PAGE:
Three umpires being investigated for corruption have denied the accusations made by an Indian television news channel.
India TV named six officials it claimed were willing to fix matches for money in the build-up to the World Twenty20, leading the International Cricket Council to confirm on Monday they were urgently looking into the matter.
"It is absolute rubbish," Bangladeshi umpire Nadir Shah told the BBC. "These people are setting up these things. Telling whatever they feel like. Once we knew that these people are crooked we backed out."
He added: "I didn't know it was a sting operation. Once I found out that these people are trying to fix matches I just backed out and left."
None of the umpires named by the TV station officiated in the World Twenty20.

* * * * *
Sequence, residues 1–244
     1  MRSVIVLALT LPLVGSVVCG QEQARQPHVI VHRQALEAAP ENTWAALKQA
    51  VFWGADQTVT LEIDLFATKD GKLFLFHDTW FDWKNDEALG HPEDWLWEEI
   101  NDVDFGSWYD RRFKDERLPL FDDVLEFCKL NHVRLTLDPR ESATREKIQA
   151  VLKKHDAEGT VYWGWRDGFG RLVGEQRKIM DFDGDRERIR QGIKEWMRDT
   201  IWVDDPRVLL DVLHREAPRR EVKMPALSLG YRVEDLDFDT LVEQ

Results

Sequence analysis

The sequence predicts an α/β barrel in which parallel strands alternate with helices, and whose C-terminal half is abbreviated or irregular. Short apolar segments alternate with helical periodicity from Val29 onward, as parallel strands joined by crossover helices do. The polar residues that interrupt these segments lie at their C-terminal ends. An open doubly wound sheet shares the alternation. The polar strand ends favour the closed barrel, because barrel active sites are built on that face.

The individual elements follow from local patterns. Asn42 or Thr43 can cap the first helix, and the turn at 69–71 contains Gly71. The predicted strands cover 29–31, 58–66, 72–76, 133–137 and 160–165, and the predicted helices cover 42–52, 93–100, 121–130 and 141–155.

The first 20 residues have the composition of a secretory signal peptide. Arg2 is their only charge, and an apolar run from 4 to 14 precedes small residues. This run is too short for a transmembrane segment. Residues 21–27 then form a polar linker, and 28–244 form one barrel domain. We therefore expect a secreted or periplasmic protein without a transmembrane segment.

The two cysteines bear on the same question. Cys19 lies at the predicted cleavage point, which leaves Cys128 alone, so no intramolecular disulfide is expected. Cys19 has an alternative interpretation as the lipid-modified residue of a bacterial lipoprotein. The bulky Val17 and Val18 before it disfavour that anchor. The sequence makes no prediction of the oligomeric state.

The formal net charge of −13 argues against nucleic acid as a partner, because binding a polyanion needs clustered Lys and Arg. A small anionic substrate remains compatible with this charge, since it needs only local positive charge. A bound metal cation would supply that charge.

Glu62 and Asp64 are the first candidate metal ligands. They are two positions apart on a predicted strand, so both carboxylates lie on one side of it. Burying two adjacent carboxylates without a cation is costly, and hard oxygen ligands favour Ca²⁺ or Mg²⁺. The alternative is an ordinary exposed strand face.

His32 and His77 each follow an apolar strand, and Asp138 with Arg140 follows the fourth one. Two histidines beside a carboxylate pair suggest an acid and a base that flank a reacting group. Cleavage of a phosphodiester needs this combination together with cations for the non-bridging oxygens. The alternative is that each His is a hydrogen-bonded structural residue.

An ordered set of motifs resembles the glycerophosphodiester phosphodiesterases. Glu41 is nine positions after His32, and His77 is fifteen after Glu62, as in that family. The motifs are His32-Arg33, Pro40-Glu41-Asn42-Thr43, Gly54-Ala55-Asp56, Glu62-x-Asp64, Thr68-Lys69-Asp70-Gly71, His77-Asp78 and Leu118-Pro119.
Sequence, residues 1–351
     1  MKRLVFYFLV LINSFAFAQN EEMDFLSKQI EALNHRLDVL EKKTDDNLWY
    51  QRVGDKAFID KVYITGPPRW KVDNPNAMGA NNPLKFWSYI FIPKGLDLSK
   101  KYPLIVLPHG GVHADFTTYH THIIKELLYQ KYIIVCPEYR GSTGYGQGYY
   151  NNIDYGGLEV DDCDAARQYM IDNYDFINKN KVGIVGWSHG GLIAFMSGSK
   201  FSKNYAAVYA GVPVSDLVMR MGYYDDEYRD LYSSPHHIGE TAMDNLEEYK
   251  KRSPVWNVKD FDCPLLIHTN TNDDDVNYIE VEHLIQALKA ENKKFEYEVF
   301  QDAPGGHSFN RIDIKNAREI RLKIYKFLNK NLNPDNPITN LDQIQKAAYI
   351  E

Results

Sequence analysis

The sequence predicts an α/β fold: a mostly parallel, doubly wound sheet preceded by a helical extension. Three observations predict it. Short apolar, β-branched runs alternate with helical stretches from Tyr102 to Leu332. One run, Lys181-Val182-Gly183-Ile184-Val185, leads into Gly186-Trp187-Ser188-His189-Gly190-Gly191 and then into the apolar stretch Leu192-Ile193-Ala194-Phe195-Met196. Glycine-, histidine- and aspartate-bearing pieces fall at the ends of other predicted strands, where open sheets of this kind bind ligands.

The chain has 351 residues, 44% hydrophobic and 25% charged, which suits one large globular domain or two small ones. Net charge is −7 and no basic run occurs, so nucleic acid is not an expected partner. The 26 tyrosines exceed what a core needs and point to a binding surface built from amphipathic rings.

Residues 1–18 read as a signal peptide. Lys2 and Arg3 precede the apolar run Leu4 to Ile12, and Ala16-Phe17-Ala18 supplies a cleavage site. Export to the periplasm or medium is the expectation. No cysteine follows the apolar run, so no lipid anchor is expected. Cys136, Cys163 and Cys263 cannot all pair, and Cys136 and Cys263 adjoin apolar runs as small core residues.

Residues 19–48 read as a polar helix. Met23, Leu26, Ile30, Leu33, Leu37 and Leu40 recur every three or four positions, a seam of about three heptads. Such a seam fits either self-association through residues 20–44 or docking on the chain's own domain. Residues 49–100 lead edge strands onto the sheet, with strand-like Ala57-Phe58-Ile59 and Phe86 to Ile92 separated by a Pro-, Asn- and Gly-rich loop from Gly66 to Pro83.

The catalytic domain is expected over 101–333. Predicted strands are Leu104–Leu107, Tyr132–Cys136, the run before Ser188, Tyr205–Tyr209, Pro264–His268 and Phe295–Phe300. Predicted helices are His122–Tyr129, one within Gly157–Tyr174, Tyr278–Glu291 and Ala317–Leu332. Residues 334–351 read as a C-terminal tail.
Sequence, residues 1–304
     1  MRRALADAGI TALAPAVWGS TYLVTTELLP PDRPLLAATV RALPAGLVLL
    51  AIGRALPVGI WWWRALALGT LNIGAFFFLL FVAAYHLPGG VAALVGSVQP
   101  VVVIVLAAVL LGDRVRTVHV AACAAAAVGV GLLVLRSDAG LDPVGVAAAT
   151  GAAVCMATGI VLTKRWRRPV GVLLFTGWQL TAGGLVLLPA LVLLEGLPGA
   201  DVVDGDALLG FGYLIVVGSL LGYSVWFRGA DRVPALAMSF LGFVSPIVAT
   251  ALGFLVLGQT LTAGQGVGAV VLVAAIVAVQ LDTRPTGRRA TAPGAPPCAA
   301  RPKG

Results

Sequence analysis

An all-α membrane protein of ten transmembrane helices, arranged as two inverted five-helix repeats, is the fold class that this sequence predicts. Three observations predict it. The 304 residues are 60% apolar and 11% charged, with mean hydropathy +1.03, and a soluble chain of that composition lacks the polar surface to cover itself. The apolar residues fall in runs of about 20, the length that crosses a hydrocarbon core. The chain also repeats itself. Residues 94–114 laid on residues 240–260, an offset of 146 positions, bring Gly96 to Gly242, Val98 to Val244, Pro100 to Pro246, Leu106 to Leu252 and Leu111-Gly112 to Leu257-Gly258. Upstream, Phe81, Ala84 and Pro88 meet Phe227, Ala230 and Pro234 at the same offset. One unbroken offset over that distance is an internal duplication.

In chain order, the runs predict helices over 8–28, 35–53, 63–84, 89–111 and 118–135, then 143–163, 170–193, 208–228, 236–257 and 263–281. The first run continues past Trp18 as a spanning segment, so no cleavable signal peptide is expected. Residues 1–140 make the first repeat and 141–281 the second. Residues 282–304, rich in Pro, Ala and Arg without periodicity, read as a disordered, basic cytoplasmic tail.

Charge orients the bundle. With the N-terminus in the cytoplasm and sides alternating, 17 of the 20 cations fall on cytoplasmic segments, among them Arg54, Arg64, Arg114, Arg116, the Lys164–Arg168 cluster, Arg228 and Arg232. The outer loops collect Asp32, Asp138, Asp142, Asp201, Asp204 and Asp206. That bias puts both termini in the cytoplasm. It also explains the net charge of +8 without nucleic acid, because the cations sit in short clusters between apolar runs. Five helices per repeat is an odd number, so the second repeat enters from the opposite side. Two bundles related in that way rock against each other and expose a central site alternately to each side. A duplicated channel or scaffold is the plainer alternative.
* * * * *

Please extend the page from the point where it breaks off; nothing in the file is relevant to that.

Sri Lankan official Maurice Zilva echoed Shah's denial, telling the BBC: "All I have to say is that we are innocent of all these charges."
Compatriot Gamini Dissanayake was quoted by the Times of India as saying: "I reject all allegations. This is an attack on the entire Sri Lankan umpiring fraternity by an external force."
It is not the first controversy to hit cricket in recent years. Pakistan internationals Salman Butt, Mohammad Asif and Mohammad Amir were jailed in 2011 after being found guilty of bowling deliberate no-balls in a Test match.
In June this year Danish Kaneria was handed a life suspension and labelled "a grave danger to the game of cricket" by the England and Wales Cricket Board after being found guilty of two charges of ECB regulations.
Kaneria's former Essex team-mate Mervyn Westfield, who in February was sentenced to four months in prison after admitting a spot-fixing charge at the Old Bailey, was given a five-year ban after pleading guilty to one offence.
- International Cricket Council